Home Economy Chinese experts ‘filtered’ trade war advice to Beijing policymakers

Chinese experts ‘filtered’ trade war advice to Beijing policymakers


Experts that Beijing has called on for advice in the trade battle with the US have largely avoided offending their supervisors
Some experts did insufficient research, or gave responses to serve their backers’ interests
Chinese policymakers have been left searching for answers to the trade war with the US because the domestic think tanks Beijing has called on for guidance have provided “filtered information” to avoid offending supervisors, sources close to the Chinese government and diplomatic observers said.
Beijing’s researchers also have been hamstrung by government restrictions on foreign travel that have limited the ability to devise a suitable response to the aggressive trade moves made by the administration of US President Donald Trump, the sources said.
In the six months since the US slapped punitive 25 per cent tariffs on US$50 billion of goods imported from mainland China, Beijing officials have been frustrated as the think tank experts being consulted for advice on a response only serve their backers’ interests, people involved in the consultations told the South China Morning Post.
In some cases, the experts had done insufficient research on the matter, the people said.
“Although the think tanks are all government-affiliated, their stances vary sharply,” a source said.
As the trade war ratchets up, it has triggered a wave of reflections on China’s policies among domestic elites – and criticism of the body of experts who have provided advice and ideas to the government.
Coming under scrutiny is the Belt and Road Initiative, President Xi Jinping’s ambitious infrastructure plan aimed at helping China to better connect with Asia, Europe and Africa.
The undertaking – representing a sharp departure from former paramount leader Deng Xiaoping’s diplomacy maxim of “hiding capacities and biding time” – is blamed by some critics for triggering confrontational anti-China sentiment in the US.
China’s focus on fostering bigger and stronger state owned enterprises also is accused of fostering discrimination against the country across the global marketplace.
“Some think tanks took the chance to press for reforms, while some maintained China should adopt a tough stance,” a source said. “Opinions vary and divergence is big, which is OK. The biggest disappointment came from some think tanks who did not tell the truth.”
When Beijing attempted to understand the thinking of foreign businessmen, some government ministry-affiliated think tanks were found filtering the information they gathered through the communication channels between foreign chambers of business and their ministries, according to the sources.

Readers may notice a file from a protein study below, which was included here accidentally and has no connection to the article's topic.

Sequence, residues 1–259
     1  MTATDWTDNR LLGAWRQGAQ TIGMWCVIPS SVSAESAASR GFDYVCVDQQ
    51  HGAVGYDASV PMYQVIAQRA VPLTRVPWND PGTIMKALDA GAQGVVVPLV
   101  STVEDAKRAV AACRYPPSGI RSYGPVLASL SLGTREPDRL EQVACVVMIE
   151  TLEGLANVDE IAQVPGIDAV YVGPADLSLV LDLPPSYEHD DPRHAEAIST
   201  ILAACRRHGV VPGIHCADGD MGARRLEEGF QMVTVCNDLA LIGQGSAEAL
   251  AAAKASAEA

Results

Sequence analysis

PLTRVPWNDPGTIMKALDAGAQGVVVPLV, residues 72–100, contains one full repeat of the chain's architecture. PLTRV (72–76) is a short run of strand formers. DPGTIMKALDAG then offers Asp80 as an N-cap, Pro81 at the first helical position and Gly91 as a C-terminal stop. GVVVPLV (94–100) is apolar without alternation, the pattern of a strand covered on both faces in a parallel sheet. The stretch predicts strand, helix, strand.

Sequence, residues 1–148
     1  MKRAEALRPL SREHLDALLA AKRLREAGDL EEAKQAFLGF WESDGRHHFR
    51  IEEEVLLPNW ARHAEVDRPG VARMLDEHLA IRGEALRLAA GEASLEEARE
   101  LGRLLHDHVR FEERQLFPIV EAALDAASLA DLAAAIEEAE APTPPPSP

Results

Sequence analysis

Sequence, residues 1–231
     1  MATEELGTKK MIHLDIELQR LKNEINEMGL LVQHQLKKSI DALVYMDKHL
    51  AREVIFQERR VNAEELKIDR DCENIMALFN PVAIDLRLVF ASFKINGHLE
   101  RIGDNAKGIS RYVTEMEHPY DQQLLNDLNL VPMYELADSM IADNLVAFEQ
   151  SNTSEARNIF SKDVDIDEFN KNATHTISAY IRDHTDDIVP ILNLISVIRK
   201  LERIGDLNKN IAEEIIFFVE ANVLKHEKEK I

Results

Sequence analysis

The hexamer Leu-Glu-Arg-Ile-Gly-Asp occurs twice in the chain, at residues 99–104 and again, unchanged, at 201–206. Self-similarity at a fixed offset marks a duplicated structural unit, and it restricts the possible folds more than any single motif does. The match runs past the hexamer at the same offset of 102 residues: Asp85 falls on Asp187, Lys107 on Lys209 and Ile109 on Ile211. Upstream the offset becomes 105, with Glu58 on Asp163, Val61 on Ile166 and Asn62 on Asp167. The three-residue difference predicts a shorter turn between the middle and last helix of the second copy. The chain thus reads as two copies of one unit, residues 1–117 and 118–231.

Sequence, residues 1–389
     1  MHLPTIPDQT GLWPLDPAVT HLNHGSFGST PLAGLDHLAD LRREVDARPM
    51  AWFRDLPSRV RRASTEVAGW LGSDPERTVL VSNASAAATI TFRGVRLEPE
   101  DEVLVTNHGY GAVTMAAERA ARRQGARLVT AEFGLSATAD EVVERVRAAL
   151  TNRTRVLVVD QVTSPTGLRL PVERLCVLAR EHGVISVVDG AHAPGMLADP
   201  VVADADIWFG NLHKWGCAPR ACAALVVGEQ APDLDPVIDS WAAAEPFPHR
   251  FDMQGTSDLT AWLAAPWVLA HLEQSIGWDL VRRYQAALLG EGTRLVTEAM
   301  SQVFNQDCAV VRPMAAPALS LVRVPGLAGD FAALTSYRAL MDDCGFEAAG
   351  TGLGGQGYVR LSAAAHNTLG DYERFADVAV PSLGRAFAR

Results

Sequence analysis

Since the think tanks serve their direct supervisors’ interests, top leaders relying on those experts for an accurate analysis of what foreign businesspeople were thinking and feeling about the rising China-US trade tensions were inevitably frustrated, the sources said.
China has more than 500 registered think tanks, compared with America’s 1,800. Most Chinese think tanks are government-backed.
The Chinese government has boosted funding support to think tanks in recent years.
Seven times, China made the list of the world’s top think tanks in the 2017 Global Go To Think Tank Index Report, published by the Lauder Institute at the University of Pennsylvania early this year. The top Chinese think tank was ranked 29th out of 170 globally.
To bolster its US research and improve its ability to devise effective policies to blunt Trump’s assault on China, the Ministry of Finance, for the first time, set up an alliance of 20 Chinese think tanks in July.
The move brought together think tanks belonging to the National Development and Reform Commission, the Ministry of Commerce, the Chinese Academy of Social Sciences, the Ministry of Finance, the Ministry of Foreign Affairs and several tier-1 universities.
“Segmented, isolated and serving their direct bosses have been a chronic problem of China’s think tanks,” said Li Zhongshang, a Renmin University professor who once worked with the People’s Bank of China and the Chinese embassy in Australia.
“While it has been easier to get funded in recent years, many researchers still attach more importance to securing funding and pleasing their supervisors,” Li said.
“They care less about research quality, because they know it is hard to influence decision-makers with their findings – unlike in the US, where advisers could even send actors, businessmen or other unprofessional politicians to the epicentre of politics.”
Li Guoqiang, a research fellow with the Development Research Centre of the State Council, said, “Some researchers just stay in front of computers. They never bother to pay field visits. No one can rely on such research to tackle problems in reality.”
Researchers in the Finance Ministry’s think-tank alliance said China’s research on US affairs did not go deep enough to prepare Beijing adequately for the impending trade tussle being driven by the US president, who promised voters in the 2016 election campaign that he would crack down on alleged Chinese trade violations.
The Trump administration is continuing to step up its attacks on China ahead of US midterm elections in three weeks.
Wang Huiyao, founder and president of the Centre for China and Globalisation, an alliance member, said China-US communication is crucial at this moment, but efforts to understand the trade battle have been hampered by Beijing’s visa limitations.
Researchers have told the Post that Beijing has only allowed China’s policy specialists to make brief visits to the US, some as short as one week. The limitation makes thorough investigation and quality communication with American contacts impossible, the researchers said.


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